Moreover, as one would expect in such a major historical crossroad, there are many intriguing questions here, for those with an interest in human ecology. For example, Wadi Hinna, connecting the coastal foothills east of Salalah and Jebel Qara, hosts a beautiful population of very old baobab trees, as well as equally ancient tamarind trees. Are they relicts, the last remnants of once much larger populations, or were they brought here as seeds or young transplants by traders and returning travelers hundreds of years ago? Together with our colleagues at the Oman Botanic Garden, we are working on a study of these and other enigmatic trees of Arabia, on which we will report more in due course.
Besides its value for traders, Oman’s geographic position also makes it a genuine biogeographical crossroad for fauna and flora. Indeed, thanks to the monsoon, the humid slopes and wadis of Dhofar may be home to one of the last remnants of a belt of seasonally dry tropical forest that once stretched from sub-Saharan Africa to India, but which was almost entirely severed as Arabia became drier. Indeed, among the 900 species of plants found there, Dhofar hosts quite a few species whose nearest relatives – or populations of the same species, are more than 1000 km away, across the Red Sea in Africa or otherwise found only in India, Pakistan and Iran. There is also quite a large number of plants that are unique to the region, with over sixty endemic species and 2 genera endemic to Dhofar. For animals, it is also a haven for many species, such as the critically endangered Arabian leopard, and the fascinating Arabian chameleon.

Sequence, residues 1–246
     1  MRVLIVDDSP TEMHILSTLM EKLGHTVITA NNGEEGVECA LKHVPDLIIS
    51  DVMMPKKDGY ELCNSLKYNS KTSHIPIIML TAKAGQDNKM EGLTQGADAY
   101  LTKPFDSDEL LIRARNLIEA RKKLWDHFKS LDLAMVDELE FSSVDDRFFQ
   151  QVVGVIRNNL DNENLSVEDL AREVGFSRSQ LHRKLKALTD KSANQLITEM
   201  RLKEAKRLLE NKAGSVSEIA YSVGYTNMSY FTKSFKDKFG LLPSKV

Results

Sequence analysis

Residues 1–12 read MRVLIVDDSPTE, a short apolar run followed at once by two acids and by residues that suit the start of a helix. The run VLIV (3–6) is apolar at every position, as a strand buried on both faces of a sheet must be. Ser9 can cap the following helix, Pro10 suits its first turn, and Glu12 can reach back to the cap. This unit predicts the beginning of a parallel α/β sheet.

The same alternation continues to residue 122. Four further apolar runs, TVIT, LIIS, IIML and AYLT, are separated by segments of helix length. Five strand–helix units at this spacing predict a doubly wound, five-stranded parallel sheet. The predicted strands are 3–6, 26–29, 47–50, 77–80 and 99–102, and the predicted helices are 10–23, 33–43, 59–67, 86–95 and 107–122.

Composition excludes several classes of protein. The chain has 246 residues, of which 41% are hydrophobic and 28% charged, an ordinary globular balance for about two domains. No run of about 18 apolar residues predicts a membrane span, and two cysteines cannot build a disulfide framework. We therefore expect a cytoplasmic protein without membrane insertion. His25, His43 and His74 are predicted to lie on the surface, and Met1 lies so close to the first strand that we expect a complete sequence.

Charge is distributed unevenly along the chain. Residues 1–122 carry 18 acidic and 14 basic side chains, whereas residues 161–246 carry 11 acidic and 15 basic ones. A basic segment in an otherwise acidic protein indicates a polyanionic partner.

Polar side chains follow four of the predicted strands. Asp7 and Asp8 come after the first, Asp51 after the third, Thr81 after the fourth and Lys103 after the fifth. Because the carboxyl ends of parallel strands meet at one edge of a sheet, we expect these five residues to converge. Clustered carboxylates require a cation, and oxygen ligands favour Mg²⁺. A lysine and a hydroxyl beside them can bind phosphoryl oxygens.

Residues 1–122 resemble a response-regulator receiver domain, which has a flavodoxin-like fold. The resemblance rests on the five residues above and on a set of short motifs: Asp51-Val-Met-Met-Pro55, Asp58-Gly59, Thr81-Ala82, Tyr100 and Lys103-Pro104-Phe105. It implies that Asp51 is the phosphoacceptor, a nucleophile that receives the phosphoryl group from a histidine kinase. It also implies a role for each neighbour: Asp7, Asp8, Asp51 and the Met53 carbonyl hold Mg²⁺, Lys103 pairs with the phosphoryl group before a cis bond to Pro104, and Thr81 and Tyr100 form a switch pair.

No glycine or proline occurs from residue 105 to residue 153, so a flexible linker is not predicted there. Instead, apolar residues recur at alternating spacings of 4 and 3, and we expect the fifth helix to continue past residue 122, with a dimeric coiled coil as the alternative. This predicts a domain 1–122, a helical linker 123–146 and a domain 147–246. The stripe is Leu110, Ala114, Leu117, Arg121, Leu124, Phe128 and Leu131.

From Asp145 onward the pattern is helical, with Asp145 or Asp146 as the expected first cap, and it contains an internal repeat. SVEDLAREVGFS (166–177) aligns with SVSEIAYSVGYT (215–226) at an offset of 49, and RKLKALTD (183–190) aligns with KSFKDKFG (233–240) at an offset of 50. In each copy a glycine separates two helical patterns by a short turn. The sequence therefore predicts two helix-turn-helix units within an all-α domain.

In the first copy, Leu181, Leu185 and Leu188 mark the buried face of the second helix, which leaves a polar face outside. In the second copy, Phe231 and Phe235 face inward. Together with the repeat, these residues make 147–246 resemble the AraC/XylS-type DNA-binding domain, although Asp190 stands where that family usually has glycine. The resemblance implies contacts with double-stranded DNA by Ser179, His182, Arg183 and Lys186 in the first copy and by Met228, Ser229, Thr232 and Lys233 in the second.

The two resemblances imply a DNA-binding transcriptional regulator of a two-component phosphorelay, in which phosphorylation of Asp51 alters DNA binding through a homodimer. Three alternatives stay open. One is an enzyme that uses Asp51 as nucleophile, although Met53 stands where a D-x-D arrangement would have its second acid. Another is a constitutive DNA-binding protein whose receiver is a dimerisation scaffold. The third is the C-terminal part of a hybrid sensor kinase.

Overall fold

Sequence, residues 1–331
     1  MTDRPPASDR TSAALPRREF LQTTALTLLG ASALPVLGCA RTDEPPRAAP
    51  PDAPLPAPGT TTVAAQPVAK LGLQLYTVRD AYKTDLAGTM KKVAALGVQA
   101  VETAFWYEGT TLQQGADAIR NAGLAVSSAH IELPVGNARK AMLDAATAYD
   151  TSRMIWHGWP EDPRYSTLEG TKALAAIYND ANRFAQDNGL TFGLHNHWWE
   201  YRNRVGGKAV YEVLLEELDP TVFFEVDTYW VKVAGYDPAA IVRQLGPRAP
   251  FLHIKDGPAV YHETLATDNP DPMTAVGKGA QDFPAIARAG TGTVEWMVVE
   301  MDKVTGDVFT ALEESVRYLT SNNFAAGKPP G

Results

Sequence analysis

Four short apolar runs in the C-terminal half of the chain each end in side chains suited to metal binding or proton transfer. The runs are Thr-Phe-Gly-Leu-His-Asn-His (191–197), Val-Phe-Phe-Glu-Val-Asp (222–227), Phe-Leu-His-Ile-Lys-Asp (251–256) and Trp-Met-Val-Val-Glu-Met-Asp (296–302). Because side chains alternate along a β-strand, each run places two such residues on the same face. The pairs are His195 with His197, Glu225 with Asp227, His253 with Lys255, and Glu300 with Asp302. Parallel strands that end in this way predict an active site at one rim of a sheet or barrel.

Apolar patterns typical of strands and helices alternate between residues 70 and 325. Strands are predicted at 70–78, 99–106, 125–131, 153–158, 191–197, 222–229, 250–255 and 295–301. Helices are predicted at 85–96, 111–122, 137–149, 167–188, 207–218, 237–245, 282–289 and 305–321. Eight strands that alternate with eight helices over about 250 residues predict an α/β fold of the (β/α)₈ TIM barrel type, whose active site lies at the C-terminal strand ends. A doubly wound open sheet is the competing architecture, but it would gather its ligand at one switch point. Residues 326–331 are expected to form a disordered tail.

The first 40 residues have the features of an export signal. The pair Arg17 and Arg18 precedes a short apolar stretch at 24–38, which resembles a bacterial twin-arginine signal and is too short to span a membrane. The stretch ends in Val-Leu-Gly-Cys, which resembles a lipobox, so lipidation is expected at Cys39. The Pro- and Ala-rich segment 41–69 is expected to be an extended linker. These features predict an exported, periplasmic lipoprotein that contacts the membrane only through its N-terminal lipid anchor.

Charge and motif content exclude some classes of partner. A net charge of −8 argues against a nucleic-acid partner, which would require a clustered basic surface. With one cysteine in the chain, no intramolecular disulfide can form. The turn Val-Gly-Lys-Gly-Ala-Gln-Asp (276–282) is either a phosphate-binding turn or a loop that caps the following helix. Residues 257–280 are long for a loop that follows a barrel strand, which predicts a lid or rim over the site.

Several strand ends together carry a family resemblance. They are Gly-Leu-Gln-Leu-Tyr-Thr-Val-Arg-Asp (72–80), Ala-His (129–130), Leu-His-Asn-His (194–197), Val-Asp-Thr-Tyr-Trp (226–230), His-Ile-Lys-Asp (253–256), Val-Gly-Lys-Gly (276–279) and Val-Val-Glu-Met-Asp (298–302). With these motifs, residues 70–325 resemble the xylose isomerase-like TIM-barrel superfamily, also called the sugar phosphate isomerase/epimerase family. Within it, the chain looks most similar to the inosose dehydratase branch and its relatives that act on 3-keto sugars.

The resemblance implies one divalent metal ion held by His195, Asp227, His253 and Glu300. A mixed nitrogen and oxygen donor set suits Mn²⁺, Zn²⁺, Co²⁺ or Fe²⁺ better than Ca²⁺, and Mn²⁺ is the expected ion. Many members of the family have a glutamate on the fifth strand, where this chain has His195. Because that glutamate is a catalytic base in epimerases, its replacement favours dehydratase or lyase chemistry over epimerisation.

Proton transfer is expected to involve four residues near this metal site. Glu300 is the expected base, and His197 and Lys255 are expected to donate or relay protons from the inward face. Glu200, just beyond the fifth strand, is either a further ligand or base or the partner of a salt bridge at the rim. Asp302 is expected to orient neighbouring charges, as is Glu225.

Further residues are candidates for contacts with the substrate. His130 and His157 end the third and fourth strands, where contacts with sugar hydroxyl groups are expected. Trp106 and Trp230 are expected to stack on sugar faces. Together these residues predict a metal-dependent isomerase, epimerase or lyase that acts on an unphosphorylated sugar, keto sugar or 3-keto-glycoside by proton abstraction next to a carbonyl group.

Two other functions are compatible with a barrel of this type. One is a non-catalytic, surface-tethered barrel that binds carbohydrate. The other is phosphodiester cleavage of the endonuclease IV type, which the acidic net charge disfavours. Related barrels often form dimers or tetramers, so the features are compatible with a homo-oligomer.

However, despite its lush appearance, Dhofar’s vegetation is not doing well, for many reasons. This – like much of the world – is a region in transition. Over-grazing is worse than ever. Throughout the Middle East – and Africa, it is a sign of status for a man to have a large herd of animals. However, many Omanis today actually hold sedentary jobs in the cities and simply employ shepherds – often from Bengal, Pakistan or Bangladesh – to look after their livestock for a very small wage. Further, they feed the animals fodder, which is subsidized by the government and which is of dubious value long-term. This enables them to maintain their herds at unsustainably large numbers, and as they roam over the slopes, the cattle, goats and camels graze the vegetation well past the threshold of sustainability. As a result, in many areas, you will see trees with no leaves under 3 m (the height camels can reach), with additional branches cut, bent and often broken to bring them within reach of the domestic animals, and an understory cropped to less than one cm above ground level.